Sleep and Stress

Sunday, November 3, 2019, marks the beginning of Daylight-Saving Time in Texas. This time we “fall back” an hour and supposedly gain back an hour of sleep. That is if you have a regular sleep routine. For most of us though, we never sleep. Rigid schedules, social media, hours spent on computers, and phones take away from sleep. You would think our lives would be easier with these devices, but it’s just the opposite. All these factors contribute to a lack of sleep and an increase in stress.

Lack of sleep causes stress, and we all know what stress can do to our mind and body.

The symptoms of not getting enough sleep are:

  • Lack of focus
  • Irritability
  • Fatigue
  • Anxiety
  • Depression
  • Lightheadedness
  • High blood pressure
  • Lower cognitive functioning
  • Sexual dysfunction
  • Lack of motivation
  • Higher susceptibility to infections and injury
  • Slow healing from illness and injury
Sleep Disorders

In addition, lack of sleep can make you worse, and contribute to slower recovery for those who have physically strenuous jobs.

The National Institute of Neurological Disorders and Stroke, reports about 40 million people in the United States suffer from long-term sleep disorders, while 20 million more suffer sleep problems.

There are more than 80 sleep disorders that are generally classified into one of 3 categories:

  • Insomnia
  • Obstructive Sleep Apnea
  • Narcolepsy


So, how much sleep should we be getting?

As a rule, children and teenagers need an average of 8-10 hours of sleep each night. Our sleep needs decline as we age. Individuals in their 20s, 30s, and 40s normally need 6-8 hours each night. 50 and up generally need 6-7 hours each night.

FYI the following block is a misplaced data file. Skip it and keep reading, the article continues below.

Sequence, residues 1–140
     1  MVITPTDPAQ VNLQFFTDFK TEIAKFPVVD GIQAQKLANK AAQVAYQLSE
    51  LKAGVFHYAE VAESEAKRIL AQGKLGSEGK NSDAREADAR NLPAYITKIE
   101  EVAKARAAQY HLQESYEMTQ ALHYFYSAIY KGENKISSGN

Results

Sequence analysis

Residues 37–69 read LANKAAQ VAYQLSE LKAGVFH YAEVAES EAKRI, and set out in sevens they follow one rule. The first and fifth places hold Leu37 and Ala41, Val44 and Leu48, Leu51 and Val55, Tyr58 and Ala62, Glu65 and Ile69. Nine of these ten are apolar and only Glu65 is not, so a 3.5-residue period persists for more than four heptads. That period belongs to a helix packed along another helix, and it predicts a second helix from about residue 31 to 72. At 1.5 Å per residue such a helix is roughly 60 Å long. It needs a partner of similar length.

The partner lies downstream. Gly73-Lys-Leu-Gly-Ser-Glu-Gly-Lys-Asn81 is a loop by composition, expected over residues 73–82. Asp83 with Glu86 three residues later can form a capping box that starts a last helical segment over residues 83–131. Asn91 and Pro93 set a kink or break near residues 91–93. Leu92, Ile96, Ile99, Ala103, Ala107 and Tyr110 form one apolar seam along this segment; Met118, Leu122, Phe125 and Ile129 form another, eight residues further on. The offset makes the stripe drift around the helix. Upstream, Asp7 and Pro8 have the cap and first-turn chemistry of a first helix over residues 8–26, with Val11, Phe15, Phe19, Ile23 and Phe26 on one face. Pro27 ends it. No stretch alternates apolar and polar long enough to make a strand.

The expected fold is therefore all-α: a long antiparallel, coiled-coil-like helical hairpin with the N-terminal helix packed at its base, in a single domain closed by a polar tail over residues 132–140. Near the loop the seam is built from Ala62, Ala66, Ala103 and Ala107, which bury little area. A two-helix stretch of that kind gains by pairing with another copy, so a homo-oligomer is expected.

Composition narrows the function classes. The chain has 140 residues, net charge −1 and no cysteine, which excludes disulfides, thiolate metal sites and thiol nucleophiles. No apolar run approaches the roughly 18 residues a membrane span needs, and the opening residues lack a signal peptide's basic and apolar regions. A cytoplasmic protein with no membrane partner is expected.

To help you sleep, you should:

  • Avoid eating right before bed so that your body isn’t working to digest the food.
  • Eat healthy foods to promote proper digestion and avoid bloating, gas, and nausea at night.
  • Stay off all electronic devices for a minimum of 30 minutes before bedtime. The bright light and eye movement cause your brain to stay active and alert.
  • Exercise daily. It releases sleep-inducing hormones, inducing fatigue, and contributing to weight loss and other health benefits. Avoid working out 2-3 hours before bedtime though because it can increase heart rate, blood pressure, and hormones that may keep you up.
  • Avoid alcohol and caffeine within three hours before bedtime. Drinking too closely to bedtime disrupts quality sleep, as does caffeine.
  • Quit smoking or other tobacco use. Tobacco is a stimulant.
  • Read drug labels for both prescribed and over-the-counter medicine.  Certain medications can affect sleep.
  • Drink plenty of water to hydrate your body and heart. Just don’t drink too much before bed to avoid those ‘middle-of-the-night’ bathroom trips.


Sleep is essential and plays a huge roll in your health. Take advantage of the time change and try some of these tips to get a good night’s sleep. Sweet dreams!

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